JoJo Goes Underground… Literally…

Although child star-turned pop icon JoJo normally enjoys the glam life, donning a full-length vinyl trench coat from the stage of the catacomb-like Underground Arts, she more closely resembled...

Although child star-turned pop icon JoJo normally enjoys the glam life, donning a full-length vinyl trench coat from the stage of the catacomb-like Underground Arts, she more closely resembled an anti-[super]heroine straight out of the pages of a Marvel publication.  Last Tuesday, October 5th, the songstress brought her Trying Not to Think About It Tour to a super sold-out Underground Arts.  Her hyper-erotic R&B anthems and $45 tour shirts seemed quite out of place in the underground art space that usually houses punk and metal acts, but that was part of the fun of the evening.  Those in attendance to the relatively intimate show also seemed to be largely unfamiliar with such settings, likely spending their time indulging in nightlife at swanky dance clubs or at the kind of tours housed in arenas.  15 minutes before her set was supposed to start there was still a line to get in wrapping well around the block, which went on to include a plethora of people who failed to recognize that they needed a vaccination card and to be at least 21 to enter.  Thankfully starting 45 minutes late, the performance was “an evening with” set that spanned the singer’s career over the course of 19 songs, yet managed to not take much more than an hour.  The bulk of the set focused on the recently released Trying Not to Think About It EP and 2020’s Good to Know, JoJo’s first album released on her own imprint, Clover Music, with only a taste of previous releases (She also included covers of SWV’s “Rain,” “Jazmine Sullivan’s “Pick Up Your Feelings,” and Drake’s “Marvins Room.”)  Although the sweatier-than-they’re-likely-used-to crowd often struggled to see and hear the starlet amidst the concrete walls and inconveniently placed pillars throughout the room, fans and songstress alike quickly came to embrace the unusual circumstances and happily shook their asses to jams like “Anxiety (Burlinda’s Theme)” and “Leave (Get Out)” (which closed the evening in epic fashion) and bangers like “Comeback” and “Lonely Hearts.”  It’s like they say, sometimes a pop star shines brightest in a punk club…  Well, maybe they should say that…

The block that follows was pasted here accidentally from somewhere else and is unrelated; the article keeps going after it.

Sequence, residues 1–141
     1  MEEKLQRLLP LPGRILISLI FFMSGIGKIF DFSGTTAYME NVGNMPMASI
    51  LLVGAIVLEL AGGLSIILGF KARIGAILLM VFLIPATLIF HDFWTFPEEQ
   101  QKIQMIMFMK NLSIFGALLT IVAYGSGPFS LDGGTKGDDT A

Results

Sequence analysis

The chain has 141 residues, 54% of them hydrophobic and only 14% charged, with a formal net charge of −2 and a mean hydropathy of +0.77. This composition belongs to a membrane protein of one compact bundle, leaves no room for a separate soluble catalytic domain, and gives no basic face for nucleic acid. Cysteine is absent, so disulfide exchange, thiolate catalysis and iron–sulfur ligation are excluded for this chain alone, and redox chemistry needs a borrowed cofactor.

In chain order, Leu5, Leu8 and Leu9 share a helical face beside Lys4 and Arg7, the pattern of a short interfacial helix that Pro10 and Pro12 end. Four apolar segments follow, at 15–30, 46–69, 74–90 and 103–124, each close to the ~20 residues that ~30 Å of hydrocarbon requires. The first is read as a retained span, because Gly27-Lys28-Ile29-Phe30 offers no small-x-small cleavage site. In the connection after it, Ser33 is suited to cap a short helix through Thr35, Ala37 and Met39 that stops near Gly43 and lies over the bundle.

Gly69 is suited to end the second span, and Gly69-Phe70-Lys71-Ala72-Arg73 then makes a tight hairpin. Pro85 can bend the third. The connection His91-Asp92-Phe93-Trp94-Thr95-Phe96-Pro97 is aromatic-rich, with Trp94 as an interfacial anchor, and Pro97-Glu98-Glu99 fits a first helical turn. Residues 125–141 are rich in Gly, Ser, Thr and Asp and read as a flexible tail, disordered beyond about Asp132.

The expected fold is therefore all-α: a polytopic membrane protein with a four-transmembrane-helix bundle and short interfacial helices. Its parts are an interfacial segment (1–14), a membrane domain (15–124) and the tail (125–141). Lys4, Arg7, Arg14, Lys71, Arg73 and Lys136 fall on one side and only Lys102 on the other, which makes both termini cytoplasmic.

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During the day Izzy Cihak teaches transgression, subversion, and revolution at Temple University. At night he haunts Philthy's best venues to cover worthwhile acts for Philthy Mag. Morrissey is everything to him and, in their own heads, all of his friends see themselves as Zooey Deschanel.

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